ایزو 9000/1994، ایزو 9001/2000 و TQM:بازبینی بحث عملکرد
|کد مقاله||سال انتشار||مقاله انگلیسی||ترجمه فارسی||تعداد کلمات|
|5968||2009||17 صفحه PDF||سفارش دهید||11160 کلمه|
Publisher : Elsevier - Science Direct (الزویر - ساینس دایرکت)
Journal : Journal of Operations Management, Volume 27, Issue 6, December 2009, Pages 495–511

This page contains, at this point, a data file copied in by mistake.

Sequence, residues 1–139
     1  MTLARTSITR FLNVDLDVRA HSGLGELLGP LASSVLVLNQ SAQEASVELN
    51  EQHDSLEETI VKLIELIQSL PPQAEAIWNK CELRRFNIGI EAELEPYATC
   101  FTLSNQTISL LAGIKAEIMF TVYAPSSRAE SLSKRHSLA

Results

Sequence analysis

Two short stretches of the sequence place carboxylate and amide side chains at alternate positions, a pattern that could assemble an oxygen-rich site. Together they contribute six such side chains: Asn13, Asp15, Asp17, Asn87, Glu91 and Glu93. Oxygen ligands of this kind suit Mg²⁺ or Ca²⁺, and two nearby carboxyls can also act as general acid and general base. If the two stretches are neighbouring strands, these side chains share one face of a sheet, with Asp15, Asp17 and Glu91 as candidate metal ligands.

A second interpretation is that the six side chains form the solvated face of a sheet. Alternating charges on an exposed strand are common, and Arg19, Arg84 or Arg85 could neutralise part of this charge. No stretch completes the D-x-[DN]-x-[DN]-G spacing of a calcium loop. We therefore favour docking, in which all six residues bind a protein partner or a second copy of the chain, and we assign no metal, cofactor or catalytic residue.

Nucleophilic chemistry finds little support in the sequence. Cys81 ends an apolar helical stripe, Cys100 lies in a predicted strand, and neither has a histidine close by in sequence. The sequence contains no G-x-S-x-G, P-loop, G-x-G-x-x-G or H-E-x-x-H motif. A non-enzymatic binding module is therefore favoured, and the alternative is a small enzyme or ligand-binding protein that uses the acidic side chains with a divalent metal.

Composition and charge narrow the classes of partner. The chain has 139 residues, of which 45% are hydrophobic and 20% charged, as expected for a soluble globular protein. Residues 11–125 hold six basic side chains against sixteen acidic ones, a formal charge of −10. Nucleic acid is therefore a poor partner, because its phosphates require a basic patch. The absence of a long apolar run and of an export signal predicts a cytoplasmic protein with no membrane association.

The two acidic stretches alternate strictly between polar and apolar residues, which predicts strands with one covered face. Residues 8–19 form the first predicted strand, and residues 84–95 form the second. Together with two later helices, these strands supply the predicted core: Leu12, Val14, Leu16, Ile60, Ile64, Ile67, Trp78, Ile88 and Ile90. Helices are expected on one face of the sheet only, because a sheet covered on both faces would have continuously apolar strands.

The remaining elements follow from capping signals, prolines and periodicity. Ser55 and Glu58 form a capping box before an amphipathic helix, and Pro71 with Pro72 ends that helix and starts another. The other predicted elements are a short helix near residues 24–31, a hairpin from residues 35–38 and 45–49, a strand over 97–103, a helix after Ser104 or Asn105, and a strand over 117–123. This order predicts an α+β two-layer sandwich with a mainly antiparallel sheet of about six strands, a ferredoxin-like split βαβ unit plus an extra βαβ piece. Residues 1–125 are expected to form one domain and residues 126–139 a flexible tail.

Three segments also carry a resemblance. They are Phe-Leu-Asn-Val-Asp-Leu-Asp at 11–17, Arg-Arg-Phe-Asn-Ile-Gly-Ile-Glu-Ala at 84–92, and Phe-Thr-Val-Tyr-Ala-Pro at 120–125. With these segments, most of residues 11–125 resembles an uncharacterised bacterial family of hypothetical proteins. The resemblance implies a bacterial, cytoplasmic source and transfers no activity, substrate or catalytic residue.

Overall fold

The debate about the impact of ISO 9000/1994 on performance has been waging since its inception. While there is a general agreement regarding the positive impact of TQM on performance, there has been less agreement among the academics about the impact of ISO 9000/1994. Perhaps in response to such debate, the new ISO 9001/2000 has appeared purporting to be more in line with the TQM philosophy. As of now, how this 2000 version actually affects performance is yet to be explored. In this study, we compare the implementation of ISO 9000/1994 and ISO 9001/2000 as representing two different efforts to implement quality management practices. We evaluate its impact on company performance with a sample of 713 Spanish industrial companies. We also examine if the 2000 version of ISO is taking us closer to the implementation of TQM. Further, we depart from the past studies methodologically by considering performance as a formative construct rather than a reflective construct. Based on the mean and covariance structural (MACS) analyses, we conclude that ISO 9001/2000 certified companies do not perform noticeably better than ISO 9000/1994 or non-certified companies. However, we find that ISO 9001/2000 certified companies apply TQM at a higher level than ISO 9000/1994 certified companies, but whether they actually perform better is less clear.